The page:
These vases are a clever way to recycle empty wine bottles. I have used them successfully for planting orchids, a variety of succulents and even a spider plant.
- safety glasses
- clean, empty wine bottle
- dry erase marker
- G2 Bottle Cutter
- two 2-qt pitchers
- hot and cold water
- 60 grit sandpaper
- small rock
- soil (optional)
When you are choosing a wine bottle for this project, you don’t want one with a long tapered neck. It won’t set into the base of the bottle nicely. Look for a bottle with a short, straight neck.
If this is your first time cutting glass, avoid bottles that have a large indentation, or punt, on the bottom of the bottle. Sometimes the punt is there to add structural integrity to the bottle and makes it a little trickier to cut. Also, I have found that clear glass wine bottles are usually a little bit thinner and easier to cut than colored glass.
Over the years I have cut a lot of bottles and have about an 80% success rate. Glass can be difficult to work with. Imperfections in the glass can cause your bottle to break in unpredictable ways even if your technique is flawless, so have a couple extra bottles ready to go.
A little common sense warning - You need to be very careful while completing this project. Not only can glass be very sharp, one of the water baths will have boiling water which is very hot. Also, containers you use for crafting, shouldn’t be used for food.
|When working with glass, ALWAYS WEAR SAFETY GLASSES!|
|Measure your bottle from the top of the neck to where the sides begin to straighten out. For my bottle, that’s about 6 inches.|
The bottom of your bottle will need to be at least that deep so the top can set inside it.
|Measure the bottom of the bottle from the top of the punt (again, the flatter your bottle bottom, the better). Use a dry erase marker to mark where you will cut.|
I am cutting six inches above the indented punt.
|Place the bottle cutter on a flat surface and position it so the scoring blade is aligned with your mark and is at a right angle to the glass.|
Press the bottle firmly against the scoring blade and carefully rotate the bottle all the way around. You will hear a faint tearing sound.
|After scoring, you should be able to see a thin, but clear mark that goes all the way around the bottle.|
|Place two plastic containers in a deep sink. Fill one container, about 3/4 full, with boiling hot water and the other with nearly freezing water.|
If your water baths are not hot or cold enough, the bottle will not separate.
|Hold the neck of your bottle and place in into the hot water so the water level is slightly above the score line. Keep the bottle submerged for about 10 seconds.|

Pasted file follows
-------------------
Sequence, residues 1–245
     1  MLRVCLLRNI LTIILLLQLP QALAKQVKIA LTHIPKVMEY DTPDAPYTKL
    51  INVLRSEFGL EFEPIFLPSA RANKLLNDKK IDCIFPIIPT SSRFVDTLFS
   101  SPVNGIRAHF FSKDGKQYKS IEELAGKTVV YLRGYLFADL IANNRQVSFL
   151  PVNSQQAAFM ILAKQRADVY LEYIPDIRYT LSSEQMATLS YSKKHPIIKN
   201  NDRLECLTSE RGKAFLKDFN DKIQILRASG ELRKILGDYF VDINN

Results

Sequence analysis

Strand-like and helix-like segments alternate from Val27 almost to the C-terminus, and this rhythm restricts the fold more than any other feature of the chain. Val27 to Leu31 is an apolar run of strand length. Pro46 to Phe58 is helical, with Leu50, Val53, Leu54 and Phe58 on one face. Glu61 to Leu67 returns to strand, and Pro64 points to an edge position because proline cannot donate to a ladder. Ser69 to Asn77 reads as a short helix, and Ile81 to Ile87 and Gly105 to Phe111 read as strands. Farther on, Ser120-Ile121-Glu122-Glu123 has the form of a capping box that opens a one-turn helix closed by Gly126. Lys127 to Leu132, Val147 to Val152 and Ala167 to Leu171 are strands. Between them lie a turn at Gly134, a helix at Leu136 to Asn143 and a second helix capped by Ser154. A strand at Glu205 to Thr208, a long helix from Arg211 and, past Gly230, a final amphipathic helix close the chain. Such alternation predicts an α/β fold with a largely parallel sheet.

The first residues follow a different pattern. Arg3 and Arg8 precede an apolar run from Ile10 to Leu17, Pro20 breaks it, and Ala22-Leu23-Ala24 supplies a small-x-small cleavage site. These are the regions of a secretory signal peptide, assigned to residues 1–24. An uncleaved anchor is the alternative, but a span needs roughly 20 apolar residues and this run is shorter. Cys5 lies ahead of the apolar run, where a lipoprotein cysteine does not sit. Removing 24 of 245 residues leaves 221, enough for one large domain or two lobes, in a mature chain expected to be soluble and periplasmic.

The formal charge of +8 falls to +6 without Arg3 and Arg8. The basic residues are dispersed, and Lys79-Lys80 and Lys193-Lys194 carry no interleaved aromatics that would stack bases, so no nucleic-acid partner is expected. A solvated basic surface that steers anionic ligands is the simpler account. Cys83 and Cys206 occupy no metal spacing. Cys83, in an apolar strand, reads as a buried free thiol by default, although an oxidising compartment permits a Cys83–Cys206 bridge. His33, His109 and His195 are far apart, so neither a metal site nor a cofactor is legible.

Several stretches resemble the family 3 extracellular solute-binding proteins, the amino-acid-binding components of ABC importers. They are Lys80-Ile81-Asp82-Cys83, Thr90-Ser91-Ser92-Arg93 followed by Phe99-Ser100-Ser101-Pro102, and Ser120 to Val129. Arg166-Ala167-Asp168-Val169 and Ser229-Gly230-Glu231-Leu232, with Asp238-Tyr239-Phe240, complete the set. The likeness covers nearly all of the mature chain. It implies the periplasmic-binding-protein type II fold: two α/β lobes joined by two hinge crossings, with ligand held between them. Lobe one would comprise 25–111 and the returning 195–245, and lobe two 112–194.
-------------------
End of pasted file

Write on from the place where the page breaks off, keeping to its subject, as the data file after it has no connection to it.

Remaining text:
Lift the bottle straight up and move it to the cold water for 10 seconds. Again, make sure the water level is slightly above the score line. If you listen closely, you will hear the glass making a cracking sound.
|Carefully lift the bottle straight up and move it from the hot to cold water for ten seconds at a time. Be aware that the bottle will most likely separate as you are pulling it up to move it from one water bath to the other.|
You can use tongs to remove the bottle bottom from the water if necessary.
|STOP! Once the bottle has separated your first instinct may be to touch the cut edge. The edges can still be sharp and need to be sanded before you put your fingers on them.|
|Rinse the edges of your bottle and wet a piece of sandpaper. Place the sandpaper on a flat, protected surface. Rub the bottle bottom over the sandpaper for several minutes until the cut edge is no longer clear. Rinse off any glass dust particles.|
Repeat for the bottle top.
|Next, you need to sand the outside and inside edges of the bottle top and bottom. Hold your sandpaper at about a 45 degree angle to the cut edge and rub all the way around the bottle.|
Again rinse the bottle pieces to remove any fine glass dust.
|Now the fun part, adding a plant. Find a small rock that can be dropped down into the neck of the bottle and wedged snuggly into the opening so that water can go up the neck, but no planting material can fall out.|
|Place the neck of the bottle upside down into the base. Fill the neck with clay hydro balls. These help distribute the water into the top of the vase without flooding the plant.|
You can fill the remaining part of you vase either with soil or with more hydro balls and then your plant.
One of the benefits of using this type of vase is that you rarely need to add more water to your plant. However, from time to time you will need to remove the top of the planter, rinse out the bottom, and freshen up the water.